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Northern Storm liquid nitro ice cream dessert photographed at new mid-town tapas restaurant Origin North is photographed in Toronto, Tuesday, September 10, 2013.

Kevin Van Paassen/The Globe and Mail

1.5 out of 4 stars

Origin North
2901 Bayview Avenue, Toronto
Sharing plates, $4 to $33
Good cocktails, a short wine list and decent beers in bottle and on draft.
Calm, cool, friendly and family-friendly, with raw wood beams that give the place a Japanese feel.
Additional Info
Best bets: Tuna hand roll, tomato salad, Bangkok beef salad, calamari, scallop ceviche, liquid nitro ice cream; NB: No reservations.

'Brace yourselves," the waiter says. "It's going to be all Macbeth-y for a second."

With that, he sets a silver Champagne bucket – "a cauldron," he calls it – in front of us, and a manager appears bearing a bottle of lemon-flavoured ice cream base, a wooden spoon and a pitcher filled with bubbling, fog-spitting liquid nitrogen, its temperature, -196 C.

Nearly seven years since the chef Claudio Aprile first introduced flash-frozen ice cream to Toronto diners, that signature tableside trick, which is a highlight of the menu at Mr. Aprile's enormous new Origin North at Bayview and Sheppard Ave., remains just as impressive as in its early days.

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As the manager combines the lemon base and the nitrogen, a thick and frigid fog settles in around our table. Conversations end. Feet begin to shiver. Every head in the restaurant turns toward us. My seen-everything-done-everything tablemates go bug-eyed at the spectacle. "When shall we four meet again?" one of the more dramatic among them says.

Origin North is the third instalment in Mr. Aprile's growing chain of Origin restaurants. (The second opened last year in Liberty Village.) Launched to much acclaim three years ago on King Street East, the original Origin was intended as an infinitely reproducible blueprint. It was a brand as much as a restaurant, a more populist, more fun, more volume-oriented take on the modernist-inflected Asian and South European flavours that briefly made the chef's recently shuttered first restaurant, called Colborne Lane, one of the best restaurants the city had ever seen.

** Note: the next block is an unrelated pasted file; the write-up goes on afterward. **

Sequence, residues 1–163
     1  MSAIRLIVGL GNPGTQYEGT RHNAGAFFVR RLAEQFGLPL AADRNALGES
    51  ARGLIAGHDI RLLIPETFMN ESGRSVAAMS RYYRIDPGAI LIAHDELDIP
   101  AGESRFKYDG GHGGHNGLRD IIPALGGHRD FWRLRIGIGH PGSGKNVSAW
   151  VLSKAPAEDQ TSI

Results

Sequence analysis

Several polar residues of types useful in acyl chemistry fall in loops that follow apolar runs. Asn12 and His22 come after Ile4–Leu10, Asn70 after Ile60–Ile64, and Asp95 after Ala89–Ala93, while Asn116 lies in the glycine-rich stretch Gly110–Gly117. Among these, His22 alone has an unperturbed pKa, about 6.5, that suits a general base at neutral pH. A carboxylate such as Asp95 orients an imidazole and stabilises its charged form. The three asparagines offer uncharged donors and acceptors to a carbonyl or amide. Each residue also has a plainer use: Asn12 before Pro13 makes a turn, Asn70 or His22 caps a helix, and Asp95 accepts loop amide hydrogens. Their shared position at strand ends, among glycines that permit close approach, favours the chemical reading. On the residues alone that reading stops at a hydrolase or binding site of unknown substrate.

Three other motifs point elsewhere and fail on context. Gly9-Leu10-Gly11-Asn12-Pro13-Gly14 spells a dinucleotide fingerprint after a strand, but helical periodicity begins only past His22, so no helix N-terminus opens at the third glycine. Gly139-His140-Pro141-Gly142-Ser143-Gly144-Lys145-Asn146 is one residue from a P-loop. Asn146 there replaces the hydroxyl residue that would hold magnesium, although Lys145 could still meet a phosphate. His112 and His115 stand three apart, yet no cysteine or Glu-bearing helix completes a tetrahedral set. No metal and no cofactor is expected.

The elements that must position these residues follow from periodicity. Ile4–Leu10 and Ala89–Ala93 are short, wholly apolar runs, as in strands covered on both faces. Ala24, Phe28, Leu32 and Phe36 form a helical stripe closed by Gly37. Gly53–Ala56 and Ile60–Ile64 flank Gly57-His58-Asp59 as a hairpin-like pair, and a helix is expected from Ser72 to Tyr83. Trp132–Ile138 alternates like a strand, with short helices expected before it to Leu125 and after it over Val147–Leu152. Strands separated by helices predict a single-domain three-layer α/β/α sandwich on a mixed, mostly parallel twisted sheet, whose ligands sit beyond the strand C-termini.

Origin North, which opened this past June in a purpose-built, two-story building beside the up-market Bayview Village shopping centre, brings the chef a new demographic as well as new challenges. It is a test of both his brand and his ability to manage three restaurants at once.

Where the mood at the King Street original, with its fiery open kitchen and tightly packed bar space, is loud, fun and frenetic, Origin North, which is decorated with raw Douglas-fir beams and set with oversized, wide-spaced tables, feels more suburban and conservative by comparison.

At 6,000 square feet, the new room is more than double the size of his original spot, with double the seating. (There is a second 6,000-square-foot dining space on Origin North's second level, which Mr. Aprile intends for a future project, he said.)